The Colorado Republican Lauren Boebert is spearheading amendments that could gut Democrats’ climate bill — while also benefiting her husband’s fossil fuel business.
Julia Rock is a reporter for the Daily Poster.
Census data shows Americans are moving out of locales most insulated from climate change and into the most climate-threatened regions. The results could be disastrous in the near future.
Plenty of corporations and billionaires weren’t scared off from donating to members of Congress who voted to overturn the election. On the contrary: the super PAC behind House Republicans who opposed the election results took in more money than before the January 6 capitol riot.
Joe Biden could easily deal a blow to climate change by divesting the federal employee pension fund — the largest of its kind in the world — from fossil fuels. He hasn’t.
Republicans are cutting off unemployment benefits at a time when huge numbers of workers still desperately need them — and the Democrats aren’t putting up a fight over it.
Republicans are taking advantage of the White House’s refusal to invoke a law that would ensure stimulus money isn’t used for tax cuts for the wealthy.
Democrats bankrolled by Big Pharma are suddenly targeting Nina Turner — right after she aired an ad touting Medicare for All.
In New York City, the Municipal Labor Committee is not only helping to block statewide single-payer health care, it’s undermining retiree health care. It’s shortsighted and dangerous politics.
The US Chamber of Commerce presented “bipartisanship” awards to Democrats like Kyrsten Sinema and Joe Manchin who blocked a $15 minimum wage. They’re not even pretending to be on your side anymore.
Under pressure from labor leaders and insurance executives, New York Democratic leaders are blocking a vote on single-payer health care legislation in the state — even though it has majority support in the legislature.
Right now, corporations can secretly hire firms designed to destroy union efforts. A proposed rule change would expose such anti-union expenses — the last thing the union busters themselves want.
Bernie Sanders is trying to restrict a proposed $52 billion subsidy for already wildly profitable microchip companies.
According to a new Congressional Budget Office report, we’re set to spend well over a half a trillion dollars over the next decade on nuclear weapons. Yet we’re somehow told that Medicare for All is too expensive.
Joe Biden said on the campaign trail he would fight for a public option for health care. He hasn’t — leaving health insurance companies, hospitals, and pharmaceutical companies to work overtime to block states from passing their own public options.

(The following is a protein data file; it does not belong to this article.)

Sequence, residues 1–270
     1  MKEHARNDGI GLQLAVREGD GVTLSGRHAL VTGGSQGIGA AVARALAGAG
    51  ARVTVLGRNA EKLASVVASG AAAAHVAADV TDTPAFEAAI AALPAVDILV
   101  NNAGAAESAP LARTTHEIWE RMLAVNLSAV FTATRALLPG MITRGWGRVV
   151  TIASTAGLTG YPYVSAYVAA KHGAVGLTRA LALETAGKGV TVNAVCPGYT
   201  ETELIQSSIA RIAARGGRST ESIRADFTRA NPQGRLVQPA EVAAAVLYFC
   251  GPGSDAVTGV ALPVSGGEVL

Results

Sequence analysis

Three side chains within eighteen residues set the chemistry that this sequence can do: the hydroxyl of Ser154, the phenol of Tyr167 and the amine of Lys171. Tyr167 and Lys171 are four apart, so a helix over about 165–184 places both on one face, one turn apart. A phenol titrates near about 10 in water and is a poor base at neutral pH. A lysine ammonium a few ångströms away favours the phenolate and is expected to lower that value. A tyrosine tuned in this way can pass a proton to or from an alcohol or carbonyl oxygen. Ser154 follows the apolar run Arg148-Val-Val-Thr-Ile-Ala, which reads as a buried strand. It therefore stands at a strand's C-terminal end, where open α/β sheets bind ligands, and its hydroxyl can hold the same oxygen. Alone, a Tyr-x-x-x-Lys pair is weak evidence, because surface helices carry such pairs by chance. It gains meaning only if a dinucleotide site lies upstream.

A newly obtained video shows an executive at UnitedHealth Group, the country’s largest health insurer, opposing a proposed public option bill in Connecticut — and actually pushing employees to lobby against the bill.
There’s no substitute for a national Medicare for All program. But with federal action shelved for now, states like Colorado and Washington are grappling with creating public health insurance alternatives in the face of industry opposition.
Unions desperately need labor law reform through the PRO Act. But even if that bill remains off the table in the near future, Joe Biden can take immediate action through executive orders to roll back corporate union-busting like Amazon carried out in Bessemer, Alabama.
Restaurant chains have told their investors that a minimum wage hike wouldn’t be a big deal — even as their corporate lobbying groups in Washington fight plans for a $15 minimum wage.
Rahm Emanuel recently argued that states should be able to opt out of a $15 minimum wage. He’s being rewarded for it with a keynote speaking slot at an event organized by the National Restaurant Association, one of the key opponents of a minimum wage hike. Why won’t Rahm go away?
Federal investigators have seen a spike in complaints by Amazon workers about the company’s COVID-19 protections. So Amazon is asking the Biden administration to help quash an initiative demanding public disclosure of what Amazon has — and has not — done to protect those workers during the pandemic.